Good Advice Goes a Long Way
Why choosing your advisors wisely is key to success
A while back, I took a magnificent bike trip through the Loire Valley in France with four girlfriends. The five of us are all entrepreneurial women. Kathy owns a branding and marketing company. Lisa owns several upscale drug and alcohol rehab facilities. Ronda owns a school dedicated to the troubled students that the public school system will not accept. Lee Ann is a business consultant to several major corporations.
We all started our businesses from the ground up. We all made a ton of mistakes, but even the biggest fiascos didn't beat us, although there were times when every one of us wanted to quit. There was no safety net, and nothing to fall back on, which was good because it forced us to keep moving forward.
A company that offers biking, hiking, and walking trips all over the world organized the bike tour. Everything was first class. There were two women who were in charge of our Loire Valley group, twenty-five of us in all. These two women were responsible for our hotels, transportation, meals, biking itinerary, and most importantly, making sure we all made it to the next destination along our journey.
Over the course of six days, we got to know our two group leaders pretty well. The last evening of our trip, the entire group gathered for dinner in the dining room of a beautiful historic boutique hotel where we were staying. At the end of the meal, Emily, one of the group leaders, sat down next to me, and we talked. Turns out that while we were on our journey, she was on her own as well.
"I love what I do, and I'm very good at it," she said. "Yet, I'm ready for my next phase in life."
I asked her, "Do you have any idea what that next phase is?"
Emily nodded. "I want to start my own business. It's along the lines of what I do now, but a completely new and unique market. I've been researching it for about a year."
"What's your next step?" I asked.
"I think I'm going to go back to school," she replied, "to get my MBA (Masters of Business Administration)."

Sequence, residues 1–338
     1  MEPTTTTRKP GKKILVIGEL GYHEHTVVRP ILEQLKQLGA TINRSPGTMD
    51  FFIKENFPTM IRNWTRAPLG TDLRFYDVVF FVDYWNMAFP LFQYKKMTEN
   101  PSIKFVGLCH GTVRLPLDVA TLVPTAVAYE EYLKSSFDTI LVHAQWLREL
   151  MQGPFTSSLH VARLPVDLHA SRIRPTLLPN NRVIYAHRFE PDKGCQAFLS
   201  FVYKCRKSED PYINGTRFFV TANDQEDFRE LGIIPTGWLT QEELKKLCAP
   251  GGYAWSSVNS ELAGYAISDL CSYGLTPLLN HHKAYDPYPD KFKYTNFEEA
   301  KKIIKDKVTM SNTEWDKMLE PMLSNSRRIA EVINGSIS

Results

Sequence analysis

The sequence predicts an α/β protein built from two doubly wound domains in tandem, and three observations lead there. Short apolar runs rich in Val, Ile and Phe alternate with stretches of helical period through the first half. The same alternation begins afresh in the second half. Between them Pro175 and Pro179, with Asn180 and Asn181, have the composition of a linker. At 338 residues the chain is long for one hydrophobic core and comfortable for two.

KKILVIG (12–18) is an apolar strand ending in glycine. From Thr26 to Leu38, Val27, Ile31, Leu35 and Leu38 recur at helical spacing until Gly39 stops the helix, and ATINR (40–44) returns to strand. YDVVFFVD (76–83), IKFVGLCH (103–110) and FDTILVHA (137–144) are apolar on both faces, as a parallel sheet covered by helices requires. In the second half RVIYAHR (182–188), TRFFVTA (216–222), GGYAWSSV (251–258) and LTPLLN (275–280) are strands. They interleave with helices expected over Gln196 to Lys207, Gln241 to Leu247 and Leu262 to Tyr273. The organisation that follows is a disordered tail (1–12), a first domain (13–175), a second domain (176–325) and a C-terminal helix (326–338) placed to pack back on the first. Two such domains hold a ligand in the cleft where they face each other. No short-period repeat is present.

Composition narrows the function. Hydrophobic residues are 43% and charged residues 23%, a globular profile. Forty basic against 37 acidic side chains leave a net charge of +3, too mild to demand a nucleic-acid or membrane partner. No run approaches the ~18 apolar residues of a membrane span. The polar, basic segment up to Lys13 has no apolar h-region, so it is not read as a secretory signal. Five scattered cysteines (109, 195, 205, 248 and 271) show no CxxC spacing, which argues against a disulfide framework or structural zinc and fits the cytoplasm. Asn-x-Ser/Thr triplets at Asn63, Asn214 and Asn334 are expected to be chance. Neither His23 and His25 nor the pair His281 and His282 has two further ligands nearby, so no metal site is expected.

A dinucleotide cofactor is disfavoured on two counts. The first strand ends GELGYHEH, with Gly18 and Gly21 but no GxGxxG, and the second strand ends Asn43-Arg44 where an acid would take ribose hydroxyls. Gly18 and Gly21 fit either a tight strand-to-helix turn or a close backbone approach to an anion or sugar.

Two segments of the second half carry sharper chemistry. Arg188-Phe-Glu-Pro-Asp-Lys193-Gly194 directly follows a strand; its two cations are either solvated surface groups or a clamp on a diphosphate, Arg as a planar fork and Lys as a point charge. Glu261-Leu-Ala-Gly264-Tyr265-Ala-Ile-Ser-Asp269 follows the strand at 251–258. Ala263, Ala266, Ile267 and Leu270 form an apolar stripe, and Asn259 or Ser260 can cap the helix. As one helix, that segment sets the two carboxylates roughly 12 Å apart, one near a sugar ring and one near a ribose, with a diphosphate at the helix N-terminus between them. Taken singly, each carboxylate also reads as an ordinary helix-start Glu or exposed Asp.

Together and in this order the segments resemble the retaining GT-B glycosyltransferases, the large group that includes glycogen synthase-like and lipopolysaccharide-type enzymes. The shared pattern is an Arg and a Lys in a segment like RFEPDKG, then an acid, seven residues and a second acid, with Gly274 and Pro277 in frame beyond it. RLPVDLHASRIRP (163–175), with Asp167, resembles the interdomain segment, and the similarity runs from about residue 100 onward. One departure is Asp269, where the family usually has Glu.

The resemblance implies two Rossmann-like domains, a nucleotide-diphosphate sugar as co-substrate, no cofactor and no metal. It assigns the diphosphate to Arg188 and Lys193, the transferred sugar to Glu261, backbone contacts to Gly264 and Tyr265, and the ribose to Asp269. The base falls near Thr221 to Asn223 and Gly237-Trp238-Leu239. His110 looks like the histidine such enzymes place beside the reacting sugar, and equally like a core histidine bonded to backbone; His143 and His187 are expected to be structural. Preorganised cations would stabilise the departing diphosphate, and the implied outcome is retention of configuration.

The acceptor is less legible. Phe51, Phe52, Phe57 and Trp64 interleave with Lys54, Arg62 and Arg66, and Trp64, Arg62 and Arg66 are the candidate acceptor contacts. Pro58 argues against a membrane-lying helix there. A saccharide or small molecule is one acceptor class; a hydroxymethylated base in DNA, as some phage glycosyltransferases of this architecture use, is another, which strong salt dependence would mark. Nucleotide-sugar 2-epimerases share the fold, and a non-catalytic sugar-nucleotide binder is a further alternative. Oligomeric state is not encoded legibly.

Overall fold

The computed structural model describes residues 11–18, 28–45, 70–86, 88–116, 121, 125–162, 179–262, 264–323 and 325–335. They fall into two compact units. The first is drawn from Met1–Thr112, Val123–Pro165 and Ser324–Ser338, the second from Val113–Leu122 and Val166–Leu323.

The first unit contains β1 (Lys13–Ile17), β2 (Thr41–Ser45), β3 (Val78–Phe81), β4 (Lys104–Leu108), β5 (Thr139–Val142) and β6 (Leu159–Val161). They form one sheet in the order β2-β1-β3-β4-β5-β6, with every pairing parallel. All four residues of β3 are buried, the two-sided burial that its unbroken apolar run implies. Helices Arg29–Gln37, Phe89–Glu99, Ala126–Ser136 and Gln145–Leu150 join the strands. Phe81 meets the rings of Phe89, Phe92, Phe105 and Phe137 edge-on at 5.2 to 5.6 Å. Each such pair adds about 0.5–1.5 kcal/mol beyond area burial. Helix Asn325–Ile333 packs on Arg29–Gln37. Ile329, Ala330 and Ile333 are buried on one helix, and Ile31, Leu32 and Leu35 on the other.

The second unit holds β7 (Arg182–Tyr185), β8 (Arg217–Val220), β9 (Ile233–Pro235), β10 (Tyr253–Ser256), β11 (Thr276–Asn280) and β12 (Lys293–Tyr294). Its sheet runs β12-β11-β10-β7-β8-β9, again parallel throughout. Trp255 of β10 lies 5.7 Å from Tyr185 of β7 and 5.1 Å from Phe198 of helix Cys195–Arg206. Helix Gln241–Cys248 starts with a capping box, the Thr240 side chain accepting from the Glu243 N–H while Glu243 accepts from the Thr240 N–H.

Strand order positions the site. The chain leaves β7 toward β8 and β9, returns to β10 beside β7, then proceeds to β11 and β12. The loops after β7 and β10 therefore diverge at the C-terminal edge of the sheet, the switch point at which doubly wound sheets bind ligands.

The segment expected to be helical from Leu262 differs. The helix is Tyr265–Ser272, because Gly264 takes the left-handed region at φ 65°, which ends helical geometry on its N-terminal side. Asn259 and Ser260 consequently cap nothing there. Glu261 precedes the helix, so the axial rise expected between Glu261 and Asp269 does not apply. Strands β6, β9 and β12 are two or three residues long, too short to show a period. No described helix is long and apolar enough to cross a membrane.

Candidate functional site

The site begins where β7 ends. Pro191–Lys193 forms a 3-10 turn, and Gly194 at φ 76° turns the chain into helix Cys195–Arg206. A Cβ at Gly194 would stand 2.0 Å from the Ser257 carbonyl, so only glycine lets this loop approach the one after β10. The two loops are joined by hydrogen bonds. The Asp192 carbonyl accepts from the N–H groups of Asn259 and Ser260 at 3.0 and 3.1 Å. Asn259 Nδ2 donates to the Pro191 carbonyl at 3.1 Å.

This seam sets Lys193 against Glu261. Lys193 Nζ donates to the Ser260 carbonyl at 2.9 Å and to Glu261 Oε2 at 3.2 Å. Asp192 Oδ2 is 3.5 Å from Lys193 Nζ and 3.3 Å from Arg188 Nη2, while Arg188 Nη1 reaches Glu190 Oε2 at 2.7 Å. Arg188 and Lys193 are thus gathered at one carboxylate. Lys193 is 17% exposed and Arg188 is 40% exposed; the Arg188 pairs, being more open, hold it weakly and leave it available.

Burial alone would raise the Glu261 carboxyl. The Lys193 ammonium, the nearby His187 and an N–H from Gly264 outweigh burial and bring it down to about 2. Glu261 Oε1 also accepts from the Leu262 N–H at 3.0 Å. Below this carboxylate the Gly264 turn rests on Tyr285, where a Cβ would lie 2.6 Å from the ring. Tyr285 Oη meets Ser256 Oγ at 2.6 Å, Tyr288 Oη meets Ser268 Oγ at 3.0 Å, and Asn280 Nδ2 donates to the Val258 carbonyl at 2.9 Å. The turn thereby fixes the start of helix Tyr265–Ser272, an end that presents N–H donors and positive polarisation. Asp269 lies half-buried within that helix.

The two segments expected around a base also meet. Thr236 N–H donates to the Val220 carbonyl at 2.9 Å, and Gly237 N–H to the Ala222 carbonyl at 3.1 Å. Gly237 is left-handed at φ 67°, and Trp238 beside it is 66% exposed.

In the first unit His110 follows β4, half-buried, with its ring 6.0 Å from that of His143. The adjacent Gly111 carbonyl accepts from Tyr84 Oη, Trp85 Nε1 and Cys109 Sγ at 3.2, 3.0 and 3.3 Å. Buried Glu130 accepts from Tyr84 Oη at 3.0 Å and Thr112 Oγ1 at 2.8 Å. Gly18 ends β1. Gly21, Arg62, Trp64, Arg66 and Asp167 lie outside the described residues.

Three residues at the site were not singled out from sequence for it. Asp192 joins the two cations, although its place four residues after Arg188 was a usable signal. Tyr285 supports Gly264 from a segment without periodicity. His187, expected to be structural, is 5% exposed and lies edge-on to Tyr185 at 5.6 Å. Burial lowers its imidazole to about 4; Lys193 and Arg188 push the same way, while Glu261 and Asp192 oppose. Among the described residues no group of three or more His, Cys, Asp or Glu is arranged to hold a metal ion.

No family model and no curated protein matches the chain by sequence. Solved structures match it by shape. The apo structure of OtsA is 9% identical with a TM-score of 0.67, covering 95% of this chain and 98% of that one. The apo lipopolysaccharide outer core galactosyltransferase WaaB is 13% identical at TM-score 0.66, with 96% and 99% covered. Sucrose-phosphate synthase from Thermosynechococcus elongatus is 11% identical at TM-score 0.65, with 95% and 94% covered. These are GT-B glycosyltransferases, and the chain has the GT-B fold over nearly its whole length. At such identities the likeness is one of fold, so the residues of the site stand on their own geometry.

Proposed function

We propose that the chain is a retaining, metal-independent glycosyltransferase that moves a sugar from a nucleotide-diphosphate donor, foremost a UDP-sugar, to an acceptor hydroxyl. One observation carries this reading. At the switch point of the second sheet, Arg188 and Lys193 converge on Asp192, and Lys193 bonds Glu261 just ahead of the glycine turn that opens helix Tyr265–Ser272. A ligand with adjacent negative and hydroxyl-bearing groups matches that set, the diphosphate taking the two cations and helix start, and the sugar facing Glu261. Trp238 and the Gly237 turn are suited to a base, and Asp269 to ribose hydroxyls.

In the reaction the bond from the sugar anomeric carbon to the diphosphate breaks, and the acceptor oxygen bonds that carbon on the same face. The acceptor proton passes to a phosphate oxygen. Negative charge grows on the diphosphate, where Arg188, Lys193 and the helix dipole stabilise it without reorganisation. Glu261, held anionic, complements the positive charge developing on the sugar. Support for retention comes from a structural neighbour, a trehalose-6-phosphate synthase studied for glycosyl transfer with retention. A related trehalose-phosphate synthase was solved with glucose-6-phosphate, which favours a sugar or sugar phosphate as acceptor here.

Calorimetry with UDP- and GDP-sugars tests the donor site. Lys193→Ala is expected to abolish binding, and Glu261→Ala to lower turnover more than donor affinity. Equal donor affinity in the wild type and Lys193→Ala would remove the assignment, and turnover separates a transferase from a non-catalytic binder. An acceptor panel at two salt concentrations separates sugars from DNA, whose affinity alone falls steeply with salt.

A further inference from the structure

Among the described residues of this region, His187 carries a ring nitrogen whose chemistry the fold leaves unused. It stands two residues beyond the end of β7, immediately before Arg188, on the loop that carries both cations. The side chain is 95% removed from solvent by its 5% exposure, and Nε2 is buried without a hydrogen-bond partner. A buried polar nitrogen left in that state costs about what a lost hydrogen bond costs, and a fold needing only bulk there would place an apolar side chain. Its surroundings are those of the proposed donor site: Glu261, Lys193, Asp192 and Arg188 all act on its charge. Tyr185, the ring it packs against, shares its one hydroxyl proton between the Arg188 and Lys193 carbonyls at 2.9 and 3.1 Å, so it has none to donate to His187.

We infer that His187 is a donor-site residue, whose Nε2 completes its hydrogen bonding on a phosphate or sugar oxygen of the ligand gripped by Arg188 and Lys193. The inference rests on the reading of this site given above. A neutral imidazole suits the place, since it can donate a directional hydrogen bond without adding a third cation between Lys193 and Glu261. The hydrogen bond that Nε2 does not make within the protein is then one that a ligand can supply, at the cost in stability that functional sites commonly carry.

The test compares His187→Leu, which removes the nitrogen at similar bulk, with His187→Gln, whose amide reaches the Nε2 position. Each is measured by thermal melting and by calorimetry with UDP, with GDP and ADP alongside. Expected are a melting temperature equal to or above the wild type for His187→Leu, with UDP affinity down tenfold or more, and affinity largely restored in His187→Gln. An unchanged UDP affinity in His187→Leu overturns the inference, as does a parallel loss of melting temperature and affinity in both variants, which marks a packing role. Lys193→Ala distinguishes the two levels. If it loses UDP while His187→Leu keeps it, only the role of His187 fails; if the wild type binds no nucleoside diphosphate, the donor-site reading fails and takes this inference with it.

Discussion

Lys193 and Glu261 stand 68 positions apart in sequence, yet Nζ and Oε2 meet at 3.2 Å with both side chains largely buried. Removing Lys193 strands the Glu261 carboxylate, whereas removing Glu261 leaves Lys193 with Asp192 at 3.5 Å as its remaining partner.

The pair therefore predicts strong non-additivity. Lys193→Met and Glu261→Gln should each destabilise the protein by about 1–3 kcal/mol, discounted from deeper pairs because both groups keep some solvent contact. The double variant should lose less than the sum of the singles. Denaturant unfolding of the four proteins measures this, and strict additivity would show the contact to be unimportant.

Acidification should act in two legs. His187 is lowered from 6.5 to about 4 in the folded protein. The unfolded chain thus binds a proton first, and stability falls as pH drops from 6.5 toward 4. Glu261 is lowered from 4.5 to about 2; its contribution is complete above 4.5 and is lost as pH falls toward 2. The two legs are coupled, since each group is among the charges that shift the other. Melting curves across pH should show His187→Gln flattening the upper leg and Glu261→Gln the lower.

I was a little surprised and asked, "Why do you want an MBA?"
She replied, "I believe an MBA will give me the skills I need to be an entrepreneur."
That was all I needed to hear.
A little free advice
The next morning was going to be the last ride of our trip, and I wanted to use it to help Emily out a bit since she had done such an amazing job helping us out.
"Emily," I told her, "tomorrow you are biking with the girls!"
The next morning at 7:30 a.m., the six of us women got on our bikes and rode off. To kick-start the discussion, I asked Kathy, "You have an MBA. Did it give you the skills to be an entrepreneur?"
She just laughed. "No! An MBA is designed for people who want to work in the corporate world. It trains you to be a corporate employee, which is where I started."
Lisa turned to Emily, "Do you want to be a corporate employee?"
Emily looked a bit stunned, "No. I want to start my own business."
Ronda asked Kathy, "Was the MBA education worth it?"
"Interesting question," Kathy replied. "The education is good. It will give you tools and strategies you can use in your business. But I don't know of an MBA program that will teach you how to start and run your own business-how to be an entrepreneur. You also need to look at the time and money you will spend on your MBA versus putting that time and money into your start-up business."
We biked for three hours. The conversation was non-stop, lively, and very candid. We laughed about the trials and tribulations of being an entrepreneur. Every new story seemed better than the last. The five of us were having such a good time reliving our past business adventures that we didn't notice until we stopped riding that Emily had become very quiet. Her eyes were as wide as they could be. "No one's ever told me this before!" she exclaimed. "And I've spoken to quite a few people about this."
A little bad advice
"I'm curious, Emily," I asked. "Who suggested that you go back to school and get your MBA?"
"Several of my bike-tour clients," she answered.
"What business were these clients in?" I prodded.
"They were retired," she said.
"Retired from what?" I kept pushing.
Emily started to laugh. "They all had successful executive corporate jobs!"
Lisa jumped in, "So they were giving you advice on how to do what they did-not knowing what it is you want to do."
"That's exactly right," Emily realized, "because what the five of you are saying makes sense to me. I was always a bit confused about the MBA path."
I added, "That's because we are all doing what it is you want to do. If I'm going to ask someone for advice, I seek out people who have actually done what I want to do. I want to learn from people who are out there doing it."
Emily was starting to realize that her current job of leading groups of adults, handling budgets, working with vendors, and dealing with emergencies on a daily basis was probably the best education she could get towards her dream of becoming an entrepreneur.
One Success ≠ Success in Everything
Emily told us she assumed that if a person was successful in their profession, they were smart in all areas. She had been taking advice from successful people who were employees of companies. They have a much different mindset than a person who owns the company.
This all goes to prove that just because a person is successful in one aspect of their life does not mean they know everything about everything. And it also goes to show, not all advice is equal advice.
In life, if you want to be successful, you must learn to choose your advisors wisely.